I’m not sure why your screws are going in crooked. Are there pilot holes drilled where the screws go? All IKEA furniture I’ve put together have been pre-drilled and it’s been near impossible to put a screw in crooked. If there is no pilot hole drilled, make sure you’re screwing into the right spot. If it’s definitely the right spot and there’s still no pilot hole, drill one. That’s how your power drill will get your screw in straight :).

Edit: The lack of a pilot hole in IKEA furniture would ring big alarm bells in my head that I was doing something wrong, and I would investigate very carefully before proceeding further. Also, screws don’t always have to be dead straight. Often they start out a bit crooked but if your driving into a pilot hole they’ll straighten up as they get tighter and as long as they hold the two pieces together it might not matter if they’re not perfect.

Keep in mind that it’s not always appropriate to use a powered screwdriver. For example it’s probably not necessary for taking off a tiny screw from a battery compartment on a child’s toy ;).

Of course. But I screw it in, and it often just goes in crooked. I’m not sure why you think it can’t. It just does. One part of the head is touching the wood while another is still hovering above. I just keep pushing it wrong while I’m turning the screwdriver, I guess.

The pilot hole might not be straight. It might not matter, is it so crooked that it is not functional?

Weird. I’ve put together scores of Ikea pieces and I’ve never had one take more than an hour. And I’ve never had to use a power tool. Are you getting knock of Ikea stuff somehow?

That is just weird. I wouldn’t say a screw going into a pilot hole “can’t” go in crooked but that’s only because I’m being circumspect. I have never in 30 years of building stuff and using screws had a screw going into a pilot hole go crooked. Screws, within reason, take the path of least resistance and that means going down the pilot hole. I cannot imagine a screw going off line so badly as to leave the head substantially angled as you describe when there is a pilot hole. There is something wrong here.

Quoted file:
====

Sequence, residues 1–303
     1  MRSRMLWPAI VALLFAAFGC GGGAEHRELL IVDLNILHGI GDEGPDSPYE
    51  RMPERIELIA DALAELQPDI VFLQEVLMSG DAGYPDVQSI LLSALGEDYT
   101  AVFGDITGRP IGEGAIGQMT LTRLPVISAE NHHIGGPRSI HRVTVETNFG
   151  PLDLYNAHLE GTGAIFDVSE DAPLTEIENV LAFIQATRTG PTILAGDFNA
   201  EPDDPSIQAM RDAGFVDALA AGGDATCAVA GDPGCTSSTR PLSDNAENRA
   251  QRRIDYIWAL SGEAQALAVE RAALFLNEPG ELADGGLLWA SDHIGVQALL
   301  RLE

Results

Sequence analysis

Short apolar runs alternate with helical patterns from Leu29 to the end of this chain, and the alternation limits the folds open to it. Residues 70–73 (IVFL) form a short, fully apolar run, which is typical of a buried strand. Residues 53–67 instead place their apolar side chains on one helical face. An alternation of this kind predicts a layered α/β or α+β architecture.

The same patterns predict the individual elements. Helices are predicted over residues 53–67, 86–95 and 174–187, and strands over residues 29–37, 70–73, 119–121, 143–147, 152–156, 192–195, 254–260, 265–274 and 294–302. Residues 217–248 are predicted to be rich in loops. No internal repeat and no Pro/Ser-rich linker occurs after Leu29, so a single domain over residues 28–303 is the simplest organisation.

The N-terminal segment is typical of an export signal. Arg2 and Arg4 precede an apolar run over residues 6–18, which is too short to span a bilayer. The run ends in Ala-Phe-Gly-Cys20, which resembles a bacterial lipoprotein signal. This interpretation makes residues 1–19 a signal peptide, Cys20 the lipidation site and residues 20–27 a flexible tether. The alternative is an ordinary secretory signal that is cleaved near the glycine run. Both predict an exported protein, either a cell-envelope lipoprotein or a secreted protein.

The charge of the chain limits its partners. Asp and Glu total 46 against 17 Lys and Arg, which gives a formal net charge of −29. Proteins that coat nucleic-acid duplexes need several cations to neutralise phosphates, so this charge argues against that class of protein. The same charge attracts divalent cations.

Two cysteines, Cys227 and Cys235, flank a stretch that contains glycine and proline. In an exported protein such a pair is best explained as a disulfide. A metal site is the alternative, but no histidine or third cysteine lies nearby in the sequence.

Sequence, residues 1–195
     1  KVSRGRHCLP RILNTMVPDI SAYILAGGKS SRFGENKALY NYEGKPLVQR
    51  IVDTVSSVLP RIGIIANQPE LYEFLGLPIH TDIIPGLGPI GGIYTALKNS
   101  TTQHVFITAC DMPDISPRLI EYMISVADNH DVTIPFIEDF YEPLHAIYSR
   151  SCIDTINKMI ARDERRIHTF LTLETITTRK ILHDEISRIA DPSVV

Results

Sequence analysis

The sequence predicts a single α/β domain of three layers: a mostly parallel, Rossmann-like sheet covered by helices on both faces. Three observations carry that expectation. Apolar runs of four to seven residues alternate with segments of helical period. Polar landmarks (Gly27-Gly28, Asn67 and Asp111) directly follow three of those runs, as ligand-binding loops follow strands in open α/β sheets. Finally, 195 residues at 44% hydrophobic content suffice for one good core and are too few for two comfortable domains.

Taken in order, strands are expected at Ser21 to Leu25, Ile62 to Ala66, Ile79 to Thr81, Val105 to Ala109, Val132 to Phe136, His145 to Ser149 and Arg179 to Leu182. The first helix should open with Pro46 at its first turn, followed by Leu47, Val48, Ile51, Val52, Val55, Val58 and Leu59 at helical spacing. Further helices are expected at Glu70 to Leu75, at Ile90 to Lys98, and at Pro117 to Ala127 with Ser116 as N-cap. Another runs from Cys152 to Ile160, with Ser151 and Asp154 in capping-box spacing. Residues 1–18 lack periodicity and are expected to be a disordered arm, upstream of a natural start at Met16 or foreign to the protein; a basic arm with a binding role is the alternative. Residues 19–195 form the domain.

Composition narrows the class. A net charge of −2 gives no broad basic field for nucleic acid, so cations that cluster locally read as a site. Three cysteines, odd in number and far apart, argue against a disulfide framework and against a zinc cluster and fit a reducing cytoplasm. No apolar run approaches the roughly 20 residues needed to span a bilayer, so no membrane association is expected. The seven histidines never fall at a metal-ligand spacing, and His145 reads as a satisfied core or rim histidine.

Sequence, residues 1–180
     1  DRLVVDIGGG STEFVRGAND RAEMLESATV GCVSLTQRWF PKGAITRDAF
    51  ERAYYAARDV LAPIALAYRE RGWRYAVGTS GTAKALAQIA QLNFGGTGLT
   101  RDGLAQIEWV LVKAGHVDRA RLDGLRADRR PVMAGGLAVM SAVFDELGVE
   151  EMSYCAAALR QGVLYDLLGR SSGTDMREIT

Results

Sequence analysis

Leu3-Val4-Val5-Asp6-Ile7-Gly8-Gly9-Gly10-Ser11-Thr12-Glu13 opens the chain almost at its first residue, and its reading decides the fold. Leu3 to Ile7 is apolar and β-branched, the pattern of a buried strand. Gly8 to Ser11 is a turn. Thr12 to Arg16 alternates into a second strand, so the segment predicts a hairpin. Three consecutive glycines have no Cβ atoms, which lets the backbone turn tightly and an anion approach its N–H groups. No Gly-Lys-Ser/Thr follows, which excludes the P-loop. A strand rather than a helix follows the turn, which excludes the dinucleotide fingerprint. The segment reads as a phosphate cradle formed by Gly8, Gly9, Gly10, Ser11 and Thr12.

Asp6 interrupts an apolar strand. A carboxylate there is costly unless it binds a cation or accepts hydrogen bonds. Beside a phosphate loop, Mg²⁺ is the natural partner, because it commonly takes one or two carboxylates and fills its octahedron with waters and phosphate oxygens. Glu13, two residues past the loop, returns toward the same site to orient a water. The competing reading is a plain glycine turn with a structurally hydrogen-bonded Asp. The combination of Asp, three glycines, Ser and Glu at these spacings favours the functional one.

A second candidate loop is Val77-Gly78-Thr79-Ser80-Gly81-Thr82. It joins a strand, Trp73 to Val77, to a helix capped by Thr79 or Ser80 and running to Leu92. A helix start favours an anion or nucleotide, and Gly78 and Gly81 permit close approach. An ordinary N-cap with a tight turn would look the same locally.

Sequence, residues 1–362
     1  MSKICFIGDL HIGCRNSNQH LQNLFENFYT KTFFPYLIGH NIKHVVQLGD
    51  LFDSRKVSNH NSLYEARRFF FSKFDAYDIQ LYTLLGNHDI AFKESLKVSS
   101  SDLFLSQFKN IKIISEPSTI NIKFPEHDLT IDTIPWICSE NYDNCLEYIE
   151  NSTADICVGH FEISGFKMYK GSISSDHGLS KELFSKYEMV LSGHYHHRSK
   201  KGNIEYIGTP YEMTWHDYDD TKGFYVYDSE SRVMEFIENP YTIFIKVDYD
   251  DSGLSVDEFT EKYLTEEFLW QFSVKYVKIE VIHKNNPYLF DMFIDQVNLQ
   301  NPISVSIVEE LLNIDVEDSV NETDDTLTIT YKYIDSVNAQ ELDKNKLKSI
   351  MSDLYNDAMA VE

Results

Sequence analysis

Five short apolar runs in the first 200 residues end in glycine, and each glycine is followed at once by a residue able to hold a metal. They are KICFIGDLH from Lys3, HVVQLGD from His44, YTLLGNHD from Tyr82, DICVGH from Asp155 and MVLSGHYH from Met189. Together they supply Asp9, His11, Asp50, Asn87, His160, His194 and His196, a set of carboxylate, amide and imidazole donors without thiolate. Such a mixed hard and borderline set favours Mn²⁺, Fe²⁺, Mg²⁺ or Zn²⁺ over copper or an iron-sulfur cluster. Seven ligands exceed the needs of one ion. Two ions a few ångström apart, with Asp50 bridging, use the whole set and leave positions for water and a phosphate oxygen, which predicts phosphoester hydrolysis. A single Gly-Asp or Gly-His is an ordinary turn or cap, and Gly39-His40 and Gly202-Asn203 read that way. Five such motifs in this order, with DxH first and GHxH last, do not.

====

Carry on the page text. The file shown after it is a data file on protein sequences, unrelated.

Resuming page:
I should make one correction: the screws that this is happening most often with (possibly because there are more of 'em than any other) have the twisty part, then a disk of metal (to make it “lay flat,” like the bottom of the head would), a grey shaft, then the head. This is because it’s meant to be an anchor, rather than a direct attacher.

But it’s happened with actual mini-screws too. And it’s happening to me constantly. I don’t get why everyone seems to think it shouldn’t.

Oh - I just figured out why it might be happening: the provided holes I’m screwing the screws into are all, by default, a little too small for the screw. I almost always get this “molehill” effect where the wood pushes up into this little mound around the hole each time I first breach it with the screw.

Which is all normal. The mole hill should get flattened when you tighten the screw. Are you making them tight enough? I find those screws straighten up a bit when the metal disc is tight against the wood.

My husband dreams of getting a job just assembling furniture at IKEA. I can see it becoming mind-numbing after a while, though…

I have no suggestions for the OP, I never get the chance to touch the stuff…

Chandler: I get my ya-yas from Ikea. You have to put them together yourself, but they cost a little less.

I take it there are no ya-yas in your box.

It will almost always have a little built-in level. Additionally, when you’re not doing the actual turning, it’s generally easier to get things in straight (in my experience, anyway).